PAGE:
In 1646, St John's College, which sympathised with the Royalists, acted as Prince Rupert of the Rhine's headquarters for his defence of the city of Oxford, and King Charles I, present in Oxford at the time, is believed to have taken refuge with his nephew at the college for a period of time. A possibly apocryphal story relating to these times is that the King treated Prince Rupert and 11 of his closest lieutenants to an especially opulent meal. The foundation of the Club is predicated upon this incident.
The society is still active, despite being banned from college grounds. "Invitation-only" by nature, the King Charles Club recruits solely from amongst members of St John's College. The club has certain traditions, including the laying of a wreath at Whitehall on the anniversary of the execution of King Charles I.
The dinner traditionally celebrated after this event has in recent years been held at Stringfellows, Covent Garden. Peter Stringfellow was the honorary president until his death in 2018. The incongruity of an ancient dining society meeting in Stringfellows has resulted in popular commentary, including an editorial comment in The Daily Telegraph in February 2001.
The Conservative politician Aidan Burley was president of the club during his time at St Johns. Other present or former members include Canadian Nobel Prize–winning politician Lester Pearson, and author and clergyman Fergus Butler-Gallie.
The Club colours, worn by members on Club apparel, are black, blue, and gold. Members wear a Club tie which is black with stripes of pacific blue edged with gold.
- Taylor, A.J. (1936). "The Royal Visit to Oxford In 1636" (PDF). Oxoniensia.org. Retrieved 26 May 2019.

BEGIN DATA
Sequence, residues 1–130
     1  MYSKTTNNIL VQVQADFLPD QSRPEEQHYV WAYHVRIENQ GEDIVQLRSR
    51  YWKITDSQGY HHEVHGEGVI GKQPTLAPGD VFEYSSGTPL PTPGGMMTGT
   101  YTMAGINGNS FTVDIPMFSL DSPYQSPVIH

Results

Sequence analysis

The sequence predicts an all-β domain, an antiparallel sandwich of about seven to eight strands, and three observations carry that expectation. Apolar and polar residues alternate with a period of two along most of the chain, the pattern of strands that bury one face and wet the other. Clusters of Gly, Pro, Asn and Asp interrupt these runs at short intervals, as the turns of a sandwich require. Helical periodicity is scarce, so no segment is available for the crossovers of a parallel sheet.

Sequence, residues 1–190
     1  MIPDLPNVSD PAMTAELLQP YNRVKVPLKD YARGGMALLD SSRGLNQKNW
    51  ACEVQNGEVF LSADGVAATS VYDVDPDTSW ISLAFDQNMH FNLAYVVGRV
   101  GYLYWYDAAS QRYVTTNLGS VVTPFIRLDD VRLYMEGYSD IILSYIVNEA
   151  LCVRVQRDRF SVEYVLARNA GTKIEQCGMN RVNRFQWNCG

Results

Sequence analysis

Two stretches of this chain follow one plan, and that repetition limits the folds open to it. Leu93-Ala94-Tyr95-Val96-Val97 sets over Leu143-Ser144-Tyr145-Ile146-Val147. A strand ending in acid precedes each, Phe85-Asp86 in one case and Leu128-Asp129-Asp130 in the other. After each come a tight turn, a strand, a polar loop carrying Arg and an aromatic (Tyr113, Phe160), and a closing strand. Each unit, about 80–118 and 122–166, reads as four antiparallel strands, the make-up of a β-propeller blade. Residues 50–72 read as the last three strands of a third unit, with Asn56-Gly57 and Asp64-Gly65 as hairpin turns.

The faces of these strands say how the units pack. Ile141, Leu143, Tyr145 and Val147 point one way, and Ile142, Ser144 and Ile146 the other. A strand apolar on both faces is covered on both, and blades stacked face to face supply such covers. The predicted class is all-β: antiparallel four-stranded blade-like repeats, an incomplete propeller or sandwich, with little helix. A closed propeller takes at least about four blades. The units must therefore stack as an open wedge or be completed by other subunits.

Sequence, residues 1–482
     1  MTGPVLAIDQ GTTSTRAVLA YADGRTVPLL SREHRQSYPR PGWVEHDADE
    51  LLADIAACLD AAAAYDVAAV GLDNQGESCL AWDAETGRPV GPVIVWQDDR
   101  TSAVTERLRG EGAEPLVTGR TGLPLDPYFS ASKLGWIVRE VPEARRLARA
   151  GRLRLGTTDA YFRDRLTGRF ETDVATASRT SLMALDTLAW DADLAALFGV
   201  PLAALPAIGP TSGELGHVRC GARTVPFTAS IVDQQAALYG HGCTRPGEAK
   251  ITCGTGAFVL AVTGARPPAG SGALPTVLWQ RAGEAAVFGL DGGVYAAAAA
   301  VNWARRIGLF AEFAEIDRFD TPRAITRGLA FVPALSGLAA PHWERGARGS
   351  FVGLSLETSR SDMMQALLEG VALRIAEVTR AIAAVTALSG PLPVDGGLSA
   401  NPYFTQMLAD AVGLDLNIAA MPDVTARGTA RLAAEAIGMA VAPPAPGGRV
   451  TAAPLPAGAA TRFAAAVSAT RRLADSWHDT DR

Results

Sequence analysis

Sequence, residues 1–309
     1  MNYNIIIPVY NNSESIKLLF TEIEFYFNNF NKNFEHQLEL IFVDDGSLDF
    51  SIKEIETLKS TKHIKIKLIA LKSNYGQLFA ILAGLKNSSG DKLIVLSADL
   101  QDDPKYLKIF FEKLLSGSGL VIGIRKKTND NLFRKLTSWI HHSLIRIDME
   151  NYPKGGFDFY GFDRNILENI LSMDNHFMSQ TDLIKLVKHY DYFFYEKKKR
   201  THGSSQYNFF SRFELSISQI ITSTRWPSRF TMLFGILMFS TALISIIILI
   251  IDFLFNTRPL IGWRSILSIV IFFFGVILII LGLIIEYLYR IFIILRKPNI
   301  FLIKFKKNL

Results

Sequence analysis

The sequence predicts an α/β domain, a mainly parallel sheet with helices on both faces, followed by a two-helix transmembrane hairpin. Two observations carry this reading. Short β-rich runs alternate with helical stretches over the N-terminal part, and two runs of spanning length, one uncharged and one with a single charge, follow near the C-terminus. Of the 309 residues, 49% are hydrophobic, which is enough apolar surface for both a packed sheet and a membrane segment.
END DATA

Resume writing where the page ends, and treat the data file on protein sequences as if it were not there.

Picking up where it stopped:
- Spencer (9th Earl Spencer), Charles (2007). Prince Rupert: The Last Cavalier. London: Phoenix. p. 173. ISBN 978-0-297-84610-9.
- "Honorary President of the King Charles Club Oxford". Stringfellows. Archived from the original on 11 April 2019. Retrieved 1 July 2014.
- Symonds, Richard (1991). "Nursing Mother of the Elect". Oxford and Empire: The Last Lost Cause?. Oxford: Oxford University Press. pp. 278–9. ISBN 9780198203001.
- "Strip club mogul fronts John's drinking soc". The Oxford Student. 27 April 2014. Retrieved 1 July 2014.
- "Drinking the town dry". Cherwell.org. 8 October 2003. Retrieved 15 July 2012.
- "Who's afraid of the big, bad club?". Cherwell. 16 October 2015. Retrieved 26 May 2019.
- "Sign o' the times". The Daily Telegraph. London. 1 February 2001. Archived from the original on 26 May 2019. Retrieved 26 May 2019.
- Nicholas Watt (18 December 2011). "Tory MP who attended Nazi-themed stag party loses ministerial aide post". The Guardian. London. Retrieved 15 July 2012.
- "U32- King Charles Oxford Dining Club". Charleston: Ben Silver Corporation. Archived from the original on 26 May 2019. Retrieved 26 May 2019.